Assuming you have at least one party member specializing in Medicine and the Treat Wounds feats, the only reason to ever rest for longer than a couple of hours is to regain spells (and sleep).


Pathfinder Rulebook Subscriber

There’s a lot of talk about Paizo’s expectations of how an AP should be run, but I think the quote from James Jacobs and the absence of any comment on encounter pacing in the CRB or GMG align with Paizo’s actual expectations.

Paizo expects that you are going to take their product and make it your own. The CRB doesn’t have a lengthy section about how to run AP’s because the expectation is that you will run or not run AP’s in a manner that suits your game and your players.

The default assumption is that you will take the setting materials and populate it with the adventures and encounters you feel are appropriate - the CRB and the GMG reflect that ideology.

The default assumption of an AP is that you will the adventure materials and run them in the way you feel is best appropriate for your table - the published content likewise reflects that ideology.

The places where the devs become silent on how to run something isn’t a place where the devs are failing to fulfill a need, it is a place where you as the GM have been given the agency to decide the direction for yourself.


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dirtypool wrote:

There’s a lot of talk about Paizo’s expectations of how an AP should be run, but I think the quote from James Jacobs and the absence of any comment on encounter pacing in the CRB or GMG align with Paizo’s actual expectations.

Paizo expects that you are going to take their product and make it your own. The CRB doesn’t have a lengthy section about how to run AP’s because the expectation is that you will run or not run AP’s in a manner that suits your game and your players.

The default assumption is that you will take the setting materials and populate it with the adventures and encounters you feel are appropriate - the CRB and the GMG reflect that ideology.

The default assumption of an AP is that you will the adventure materials and run them in the way you feel is best appropriate for your table - the published content likewise reflects that ideology.

The places where the devs become silent on how to run something isn’t a place where the devs are failing to fulfill a need, it is a place where you as the GM have been given the agency to decide the direction for yourself.

Why then do the rules tell us exactly how many monsters that make up a "moderate" encounter? Or how much money a level 7 character gets when Earning Income? Or the DC for treating wounds that heal 4d8 damage? Or how much money to add to the loot pile when a fifth character joins a level 15 party (3,250 gold)?

In all these cases I'm allowed to make the material "my own". In all these cases I feel empowered to "decide directions" for myself. Yet, a baseline, a guideline is given in all of them. Sometimes with absurd levels of minutae...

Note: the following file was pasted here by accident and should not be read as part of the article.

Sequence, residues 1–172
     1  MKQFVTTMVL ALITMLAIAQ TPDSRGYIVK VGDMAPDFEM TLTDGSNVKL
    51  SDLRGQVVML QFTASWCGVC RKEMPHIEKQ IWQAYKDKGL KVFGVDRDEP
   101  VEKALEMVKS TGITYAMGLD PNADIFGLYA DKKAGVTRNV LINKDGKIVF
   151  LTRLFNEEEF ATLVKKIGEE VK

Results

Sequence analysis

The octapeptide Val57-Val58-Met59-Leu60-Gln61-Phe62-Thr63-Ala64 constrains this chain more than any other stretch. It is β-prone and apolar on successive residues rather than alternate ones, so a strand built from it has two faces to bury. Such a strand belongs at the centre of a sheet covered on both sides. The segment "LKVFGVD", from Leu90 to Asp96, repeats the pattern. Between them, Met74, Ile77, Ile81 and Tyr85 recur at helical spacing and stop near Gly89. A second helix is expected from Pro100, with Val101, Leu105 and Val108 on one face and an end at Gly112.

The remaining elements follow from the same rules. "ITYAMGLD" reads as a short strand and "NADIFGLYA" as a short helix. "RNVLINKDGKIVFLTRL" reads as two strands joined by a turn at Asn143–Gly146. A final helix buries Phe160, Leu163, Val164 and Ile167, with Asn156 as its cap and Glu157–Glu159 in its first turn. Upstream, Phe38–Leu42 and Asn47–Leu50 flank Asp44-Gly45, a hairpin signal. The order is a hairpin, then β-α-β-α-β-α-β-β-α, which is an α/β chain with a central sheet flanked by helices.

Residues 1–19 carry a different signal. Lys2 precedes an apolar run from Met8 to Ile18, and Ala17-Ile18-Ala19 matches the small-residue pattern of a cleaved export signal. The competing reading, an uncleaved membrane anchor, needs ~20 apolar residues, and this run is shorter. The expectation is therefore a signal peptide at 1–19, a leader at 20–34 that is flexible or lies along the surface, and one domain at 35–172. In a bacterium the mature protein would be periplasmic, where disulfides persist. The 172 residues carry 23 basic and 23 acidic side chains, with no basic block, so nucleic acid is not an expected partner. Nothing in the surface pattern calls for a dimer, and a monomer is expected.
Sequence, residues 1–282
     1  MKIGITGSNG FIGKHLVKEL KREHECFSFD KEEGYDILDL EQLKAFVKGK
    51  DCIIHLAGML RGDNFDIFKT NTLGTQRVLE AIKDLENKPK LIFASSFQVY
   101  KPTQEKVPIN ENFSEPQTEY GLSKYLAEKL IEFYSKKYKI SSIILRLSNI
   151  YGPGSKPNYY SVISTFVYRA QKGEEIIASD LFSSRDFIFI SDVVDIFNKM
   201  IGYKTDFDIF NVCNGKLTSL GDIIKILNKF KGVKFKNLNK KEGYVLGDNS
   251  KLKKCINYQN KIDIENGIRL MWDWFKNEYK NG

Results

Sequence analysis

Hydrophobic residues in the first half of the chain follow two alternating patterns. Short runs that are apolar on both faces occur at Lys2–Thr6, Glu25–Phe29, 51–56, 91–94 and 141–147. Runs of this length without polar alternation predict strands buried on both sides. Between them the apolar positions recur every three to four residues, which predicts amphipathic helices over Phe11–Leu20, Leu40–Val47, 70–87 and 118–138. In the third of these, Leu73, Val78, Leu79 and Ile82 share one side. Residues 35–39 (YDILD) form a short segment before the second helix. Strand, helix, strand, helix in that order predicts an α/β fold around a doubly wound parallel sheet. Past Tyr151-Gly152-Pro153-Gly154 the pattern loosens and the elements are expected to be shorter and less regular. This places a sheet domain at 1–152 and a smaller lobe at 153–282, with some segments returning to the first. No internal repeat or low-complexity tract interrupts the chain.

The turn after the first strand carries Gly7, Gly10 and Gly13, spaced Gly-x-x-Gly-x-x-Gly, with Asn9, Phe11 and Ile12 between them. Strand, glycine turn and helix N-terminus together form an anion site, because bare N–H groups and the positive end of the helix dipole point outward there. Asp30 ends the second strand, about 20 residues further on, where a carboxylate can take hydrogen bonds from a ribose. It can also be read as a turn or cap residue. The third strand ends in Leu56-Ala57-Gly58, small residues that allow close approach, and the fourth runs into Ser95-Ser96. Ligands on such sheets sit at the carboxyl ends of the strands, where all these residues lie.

In other words, you're just repeating the boilerplate reply, not really answering the question.

Why of all the dozen subsystems that regulate difficulty is THIS one left wide open, with complete silence as the only "advice" given? If absolutely nothing else, why don't the CRB and GMG even address the issue, even to just say what you did?

Do you see?


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Pathfinder Rulebook Subscriber
Zapp wrote:

Why then do the rules tell us exactly how many monsters that make up a "moderate" encounter? Or how much money a level 7 character gets when Earning Income? Or the DC for treating wounds that heal 4d8 damage? Or how much money to add to the loot pile when a fifth character joins a level 15 party (3,250 gold)?

In all these cases I'm allowed to make the material "my own". In all these cases I feel empowered to "decide directions" for myself. Yet, a baseline, a guideline is given in all of them. Sometimes with absurd levels of minutae...

In other words, you're just repeating the boilerplate reply, not really answering the question.

Why of all the dozen subsystems that regulate difficulty is THIS one left wide open, with complete silence as the only "advice" given? If absolutely nothing else, why don't the CRB and GMG even address the issue, even to just say what you did?

Do you see?

I do see, do you see the difference between the relative size of an encounter (something dependent upon an XP budget and the static costs of designed mechanical elements) and the pace of an encounter (something dependent solely on you and your players whim at the moment of play)?

All of the things you list are mechanical elements that are easy to clearly define . There is no such mechanic to govern how your human players react to things in the real world space of your table during real world time.

The dozen subsystems that regulate difficulty are there because those are things that are in the designers absolute control, this one isn't. Someone even pointed you to comments from the creative director of the game in which he explained the absence of specific "default pacing"

Lots of people are answering your question with recommendations and advice and commentary from the designers of the game that speak to your specific questions. Could you for once please stop being dismissive of people who aren't answering it in exactly the narrow way you want it answered?


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Ascalaphus wrote:
I wonder if by "resting" they mean a 10m treat wounds break, or resting for the night?